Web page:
Stabilizing climate means replacing fossil fuels with wind, solar cells, and other renewables. Today the world gets a fifth of its electricity from hydropower, but this source is dwarfed by the potential of wind. Three U.S. states—North Dakota, South Dakota, and Texas—have enough harnessable wind energy to supply national electricity needs. China could double its current generation of electricity using only wind.
Previews of the new energy economy can be seen in the solar electric roofs of homes in Japan and Germany, the wind turbines dotting the Danish countryside, and the new wind farms in Spain and in the U.S. states of Minnesota, Iowa, and Texas.
Restructuring economic policymaking to incorporate environmental issues will not be easy. But some progress was made at the World Trade Organization conference in Seattle in early December 1999, when some 50,000 demonstrators challenged the WTO’s preoccupation with economics at the expense of environmental, labor, and human rights issues. By the end of the five-day collision between the ecological principles of sustainability and the economic theory of comparative advantage that drove a half-century of trade negotiations, the WTO was in full retreat. “It remains to be seen what the long-term effect of the demonstrations and the strong public opinion that they represented will be,” said co-author Hilary French. “But one thing is certain: the environment is now on the international trade agenda.”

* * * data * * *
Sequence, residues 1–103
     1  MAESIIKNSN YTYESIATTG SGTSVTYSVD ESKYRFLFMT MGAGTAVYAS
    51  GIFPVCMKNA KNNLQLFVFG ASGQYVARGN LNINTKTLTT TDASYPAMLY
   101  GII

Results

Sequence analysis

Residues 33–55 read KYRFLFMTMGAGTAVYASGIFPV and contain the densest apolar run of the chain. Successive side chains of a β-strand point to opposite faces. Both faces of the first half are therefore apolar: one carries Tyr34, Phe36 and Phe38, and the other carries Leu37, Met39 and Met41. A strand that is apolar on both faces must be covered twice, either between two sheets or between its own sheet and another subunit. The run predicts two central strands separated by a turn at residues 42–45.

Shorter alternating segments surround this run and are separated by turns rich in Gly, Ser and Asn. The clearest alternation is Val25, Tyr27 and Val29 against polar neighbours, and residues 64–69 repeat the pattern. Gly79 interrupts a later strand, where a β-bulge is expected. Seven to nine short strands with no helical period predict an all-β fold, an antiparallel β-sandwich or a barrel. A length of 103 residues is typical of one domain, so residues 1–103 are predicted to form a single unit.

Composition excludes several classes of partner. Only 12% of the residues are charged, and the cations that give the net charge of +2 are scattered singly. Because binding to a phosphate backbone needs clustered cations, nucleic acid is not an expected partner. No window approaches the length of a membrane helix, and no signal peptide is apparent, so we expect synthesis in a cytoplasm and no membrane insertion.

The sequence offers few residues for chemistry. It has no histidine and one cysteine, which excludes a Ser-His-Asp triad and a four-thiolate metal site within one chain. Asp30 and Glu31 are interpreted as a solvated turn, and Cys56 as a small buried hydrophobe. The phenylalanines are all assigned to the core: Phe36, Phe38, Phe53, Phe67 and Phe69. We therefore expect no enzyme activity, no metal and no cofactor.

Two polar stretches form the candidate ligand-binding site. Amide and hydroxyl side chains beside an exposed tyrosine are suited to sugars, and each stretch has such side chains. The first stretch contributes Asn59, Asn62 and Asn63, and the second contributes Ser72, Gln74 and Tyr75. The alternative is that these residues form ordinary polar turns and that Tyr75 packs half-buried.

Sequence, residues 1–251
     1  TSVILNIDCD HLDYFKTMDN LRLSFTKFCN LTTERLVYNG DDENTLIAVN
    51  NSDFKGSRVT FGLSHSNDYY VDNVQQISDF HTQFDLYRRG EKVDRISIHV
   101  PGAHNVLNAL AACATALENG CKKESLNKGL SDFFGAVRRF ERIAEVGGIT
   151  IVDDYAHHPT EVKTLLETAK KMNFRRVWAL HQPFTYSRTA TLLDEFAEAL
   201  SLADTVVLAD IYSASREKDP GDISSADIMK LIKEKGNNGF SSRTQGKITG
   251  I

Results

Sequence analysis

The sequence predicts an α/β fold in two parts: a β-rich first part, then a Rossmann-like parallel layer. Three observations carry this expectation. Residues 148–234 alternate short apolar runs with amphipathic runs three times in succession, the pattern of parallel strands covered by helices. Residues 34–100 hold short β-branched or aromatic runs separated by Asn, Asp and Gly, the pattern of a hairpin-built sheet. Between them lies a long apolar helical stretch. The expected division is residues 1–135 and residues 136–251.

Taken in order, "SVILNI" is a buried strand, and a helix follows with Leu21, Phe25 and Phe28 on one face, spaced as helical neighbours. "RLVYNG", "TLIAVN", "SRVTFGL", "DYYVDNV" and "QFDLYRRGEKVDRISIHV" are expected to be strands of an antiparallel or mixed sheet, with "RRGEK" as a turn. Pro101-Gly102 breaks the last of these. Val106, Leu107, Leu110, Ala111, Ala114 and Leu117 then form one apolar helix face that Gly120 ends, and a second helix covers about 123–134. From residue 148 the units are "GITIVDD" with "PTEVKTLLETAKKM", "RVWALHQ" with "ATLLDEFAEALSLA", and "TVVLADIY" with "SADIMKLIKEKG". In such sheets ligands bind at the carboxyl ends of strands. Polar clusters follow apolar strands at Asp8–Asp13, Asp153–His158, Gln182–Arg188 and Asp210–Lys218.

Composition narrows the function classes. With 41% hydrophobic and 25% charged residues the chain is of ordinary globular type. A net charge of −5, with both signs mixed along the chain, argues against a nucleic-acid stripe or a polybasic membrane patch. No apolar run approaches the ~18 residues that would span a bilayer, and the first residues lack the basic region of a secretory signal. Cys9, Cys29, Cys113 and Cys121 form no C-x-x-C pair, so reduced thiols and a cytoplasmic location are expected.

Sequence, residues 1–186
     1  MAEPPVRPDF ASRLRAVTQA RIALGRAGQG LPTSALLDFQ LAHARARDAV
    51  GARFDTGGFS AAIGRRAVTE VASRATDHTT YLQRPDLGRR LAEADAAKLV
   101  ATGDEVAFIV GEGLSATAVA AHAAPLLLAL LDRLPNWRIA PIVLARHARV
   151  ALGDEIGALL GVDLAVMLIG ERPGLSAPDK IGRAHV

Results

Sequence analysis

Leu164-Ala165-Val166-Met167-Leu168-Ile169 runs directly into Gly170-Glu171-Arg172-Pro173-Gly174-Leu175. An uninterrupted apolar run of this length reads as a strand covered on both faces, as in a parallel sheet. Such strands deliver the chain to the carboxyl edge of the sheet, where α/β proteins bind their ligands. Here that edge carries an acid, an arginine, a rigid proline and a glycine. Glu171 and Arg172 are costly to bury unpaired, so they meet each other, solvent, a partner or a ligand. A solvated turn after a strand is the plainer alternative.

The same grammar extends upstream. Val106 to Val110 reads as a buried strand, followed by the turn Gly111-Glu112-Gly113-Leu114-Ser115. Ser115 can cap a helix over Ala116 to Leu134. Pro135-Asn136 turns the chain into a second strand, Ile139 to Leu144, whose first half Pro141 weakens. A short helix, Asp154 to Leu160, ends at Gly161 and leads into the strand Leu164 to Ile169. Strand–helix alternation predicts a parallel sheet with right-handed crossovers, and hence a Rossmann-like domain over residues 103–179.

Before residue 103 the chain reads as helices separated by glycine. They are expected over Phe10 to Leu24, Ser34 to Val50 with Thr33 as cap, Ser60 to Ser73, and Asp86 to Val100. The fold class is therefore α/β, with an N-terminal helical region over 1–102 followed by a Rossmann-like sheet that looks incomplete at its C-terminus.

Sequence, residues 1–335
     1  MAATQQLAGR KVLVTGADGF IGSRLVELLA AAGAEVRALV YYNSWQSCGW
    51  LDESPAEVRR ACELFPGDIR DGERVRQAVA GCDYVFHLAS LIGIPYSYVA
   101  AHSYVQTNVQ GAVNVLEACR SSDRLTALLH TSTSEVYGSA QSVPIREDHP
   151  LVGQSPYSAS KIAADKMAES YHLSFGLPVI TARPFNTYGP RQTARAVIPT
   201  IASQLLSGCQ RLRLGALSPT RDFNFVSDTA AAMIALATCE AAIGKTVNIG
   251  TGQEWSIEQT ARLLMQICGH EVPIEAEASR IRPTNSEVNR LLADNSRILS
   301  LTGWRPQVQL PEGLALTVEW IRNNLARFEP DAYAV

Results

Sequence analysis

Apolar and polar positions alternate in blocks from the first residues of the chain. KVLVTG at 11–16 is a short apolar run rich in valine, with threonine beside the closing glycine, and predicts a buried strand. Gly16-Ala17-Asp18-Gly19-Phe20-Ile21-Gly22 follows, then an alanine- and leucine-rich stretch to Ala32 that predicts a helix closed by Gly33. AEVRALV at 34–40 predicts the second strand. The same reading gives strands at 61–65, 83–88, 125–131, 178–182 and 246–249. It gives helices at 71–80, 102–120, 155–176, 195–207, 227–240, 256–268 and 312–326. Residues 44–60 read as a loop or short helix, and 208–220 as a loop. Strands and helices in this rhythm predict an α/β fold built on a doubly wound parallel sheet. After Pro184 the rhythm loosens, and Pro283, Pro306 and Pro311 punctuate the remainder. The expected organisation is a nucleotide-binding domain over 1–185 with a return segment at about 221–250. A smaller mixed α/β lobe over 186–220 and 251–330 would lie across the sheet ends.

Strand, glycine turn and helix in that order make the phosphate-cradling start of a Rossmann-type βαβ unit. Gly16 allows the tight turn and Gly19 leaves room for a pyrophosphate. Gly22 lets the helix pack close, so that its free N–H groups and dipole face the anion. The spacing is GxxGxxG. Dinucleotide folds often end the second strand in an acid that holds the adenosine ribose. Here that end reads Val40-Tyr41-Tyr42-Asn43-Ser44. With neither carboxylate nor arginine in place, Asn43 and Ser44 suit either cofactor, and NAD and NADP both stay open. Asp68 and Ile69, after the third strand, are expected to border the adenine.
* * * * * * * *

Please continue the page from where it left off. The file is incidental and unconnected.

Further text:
“The scale and urgency of the challenges facing us in this century are unprecedented,” said Brown. “We cannot overestimate the urgency of stabilizing the relationship between ourselves, now 6 billion in number, and the natural systems on which we depend. If we continue the irreversible destruction of these systems, our grandchildren will never forgive us. As the report notes, ‘Nature has no reset button.’ ”